Microsoft Office: How teachers are missing opportunities

11 May, 2016

It is one of the most commonly used generic software implemented in classrooms. Its techniques are imperative to our prospect of employment in any industry today and in the future. However, Microsoft Office and its applications is vastly being overlooked by teachers in the classroom as a key tool to the development of student ICT capability. When it comes to integrating technology in the classroom, it is not about exploring the field for the next big technological development to come around and solve that particular problem. To truly begin integrating means to exploit the available technology in your classroom at the time. Applications such as MS Word, Excel, PowerPoint and even Access possess fantastic potential for the development of student ICT capability. Students use MS Word in particularly a lot of the time and teachers expect students to use this program to complete word processing tasks such as non-assessment and assessment items. Yet, it represents a classic example of how teachers are failing to exploit the benefits of this technology by not taking the opportunity to develop student capabilities at the same time.


Emphasising higher order skills

As an ICT teacher with over 10 year’s experience behind me, I can a recall a time when I first started teaching when it was easy to pass on a set of instructions to students to be able to learn techniques about spreadsheets. In fact, it wasn’t so long ago when I was looking after a senior year class of students who were using the same strategies. However, research has shown that by doing this it only creates part of their capability. To be ICT capable you not only need to know how to use techniques, but be aware of this knowledge and be able to decide if this knowledge is appropriate to use for the particular solution. Student ICT capability is best facilitated through its development in a broad context and while MS Word is being used throughout all the curriculum to support the content learning, students are not given the opportunity in subjects to use their higher order skills in relation to the selection of ICT tools.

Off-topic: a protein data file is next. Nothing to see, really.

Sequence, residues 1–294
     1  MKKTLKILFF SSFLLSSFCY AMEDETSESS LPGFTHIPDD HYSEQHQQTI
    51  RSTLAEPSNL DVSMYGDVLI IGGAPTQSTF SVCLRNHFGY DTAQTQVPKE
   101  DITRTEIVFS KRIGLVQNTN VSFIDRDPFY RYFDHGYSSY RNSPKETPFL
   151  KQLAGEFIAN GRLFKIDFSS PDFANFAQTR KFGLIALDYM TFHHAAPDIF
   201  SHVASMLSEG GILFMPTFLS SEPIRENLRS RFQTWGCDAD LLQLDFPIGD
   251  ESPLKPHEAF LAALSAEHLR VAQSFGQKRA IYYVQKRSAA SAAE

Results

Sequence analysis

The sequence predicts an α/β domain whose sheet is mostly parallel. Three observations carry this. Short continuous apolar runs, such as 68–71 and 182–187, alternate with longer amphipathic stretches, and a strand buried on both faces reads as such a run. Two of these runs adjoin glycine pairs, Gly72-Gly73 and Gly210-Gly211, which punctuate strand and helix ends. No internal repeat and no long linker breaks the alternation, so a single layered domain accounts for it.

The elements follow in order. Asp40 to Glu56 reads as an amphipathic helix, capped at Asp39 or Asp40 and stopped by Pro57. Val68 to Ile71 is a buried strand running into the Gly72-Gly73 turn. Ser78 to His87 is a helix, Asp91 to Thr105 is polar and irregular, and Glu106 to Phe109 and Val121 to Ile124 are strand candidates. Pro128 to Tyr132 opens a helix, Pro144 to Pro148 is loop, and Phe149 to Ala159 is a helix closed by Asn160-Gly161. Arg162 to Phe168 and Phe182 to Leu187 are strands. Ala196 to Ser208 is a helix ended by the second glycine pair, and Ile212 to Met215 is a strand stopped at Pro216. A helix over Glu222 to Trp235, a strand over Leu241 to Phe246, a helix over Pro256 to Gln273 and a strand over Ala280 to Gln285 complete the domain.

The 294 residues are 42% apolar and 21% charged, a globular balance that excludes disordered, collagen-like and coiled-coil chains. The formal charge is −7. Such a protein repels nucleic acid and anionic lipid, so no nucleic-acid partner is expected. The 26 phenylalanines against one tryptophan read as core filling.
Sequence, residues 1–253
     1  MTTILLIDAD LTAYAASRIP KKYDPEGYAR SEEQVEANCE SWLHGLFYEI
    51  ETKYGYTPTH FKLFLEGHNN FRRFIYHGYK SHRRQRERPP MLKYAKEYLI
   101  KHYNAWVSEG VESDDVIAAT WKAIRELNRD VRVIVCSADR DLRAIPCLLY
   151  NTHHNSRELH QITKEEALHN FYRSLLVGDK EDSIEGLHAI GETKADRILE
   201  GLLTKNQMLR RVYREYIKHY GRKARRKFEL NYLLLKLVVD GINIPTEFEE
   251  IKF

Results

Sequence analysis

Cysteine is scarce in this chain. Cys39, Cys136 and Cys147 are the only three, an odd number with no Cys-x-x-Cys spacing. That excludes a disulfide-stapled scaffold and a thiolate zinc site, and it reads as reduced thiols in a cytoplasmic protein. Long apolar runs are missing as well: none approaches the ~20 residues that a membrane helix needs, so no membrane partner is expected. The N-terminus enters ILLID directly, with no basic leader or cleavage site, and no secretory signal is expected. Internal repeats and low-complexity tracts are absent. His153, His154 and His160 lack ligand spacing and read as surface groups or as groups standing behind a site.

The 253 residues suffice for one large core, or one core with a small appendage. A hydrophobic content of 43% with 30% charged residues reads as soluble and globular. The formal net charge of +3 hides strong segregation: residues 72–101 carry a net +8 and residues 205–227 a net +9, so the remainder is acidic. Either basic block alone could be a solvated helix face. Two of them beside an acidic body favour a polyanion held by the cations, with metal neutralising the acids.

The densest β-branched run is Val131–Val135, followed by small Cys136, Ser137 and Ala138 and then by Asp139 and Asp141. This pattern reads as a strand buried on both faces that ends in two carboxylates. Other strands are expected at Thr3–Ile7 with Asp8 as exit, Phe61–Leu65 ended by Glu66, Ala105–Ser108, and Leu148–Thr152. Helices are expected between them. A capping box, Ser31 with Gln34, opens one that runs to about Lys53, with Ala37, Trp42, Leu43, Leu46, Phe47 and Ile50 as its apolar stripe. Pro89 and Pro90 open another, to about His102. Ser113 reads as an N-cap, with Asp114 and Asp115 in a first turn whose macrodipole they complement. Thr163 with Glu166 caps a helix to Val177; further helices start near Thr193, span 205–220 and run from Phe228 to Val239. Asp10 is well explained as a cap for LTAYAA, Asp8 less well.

A significant part of the process of ICT capability development is the ability of teachers to help students increase their autonomy over the selection of ICT tools. Again we will look at the example of MS Word here, but this process can be used whenever students need to use technology for whatever purpose. With MS Word being so widespread in its use, instead of teachers just handing out tasks or activities to students and expecting them to use this application here is another method to implement. Why not spend the time with the whole class to discuss what your expectations are in relation to ICT use. Give them a choice of software to choose from and make it clear to them that they need to be able to justify their choice. In some cases, it might be needed to provide scaffolding in terms of pointing them in the right direction somehow.

What is the effect when a student unquestionably follows a set of instructions devised by someone else at to what to do such as techniques for using spredsheets?

Well, the student does not demonstrate their ICT capability. it is in using their higher order skills, in order to make decisions about how to apply the techniques they have learned, that enable them to execute the process and in so doing develop their ICT capability. ICT capability goes beyond the ability to use certain techniques; it includes conceptual understanding and making use of higher order skills.

Here is another example. Consider the activity of asking students to produce a publication using MS Publisher for instance. This would involve the following techniques (Potter & Darbyshire, 2005):

  • Selecting the page to work on;
  • Creating a number of frames;
  • Entering text into frames;
  • Selecting the text style;
  • Importing images into frames and;
  • Adjusting size/position of frames.

The decisions that students would need to make for example would include:

  • Making choices as to how many frames, in what position and what size to create;
  • Making choices as to which text style to use in different places;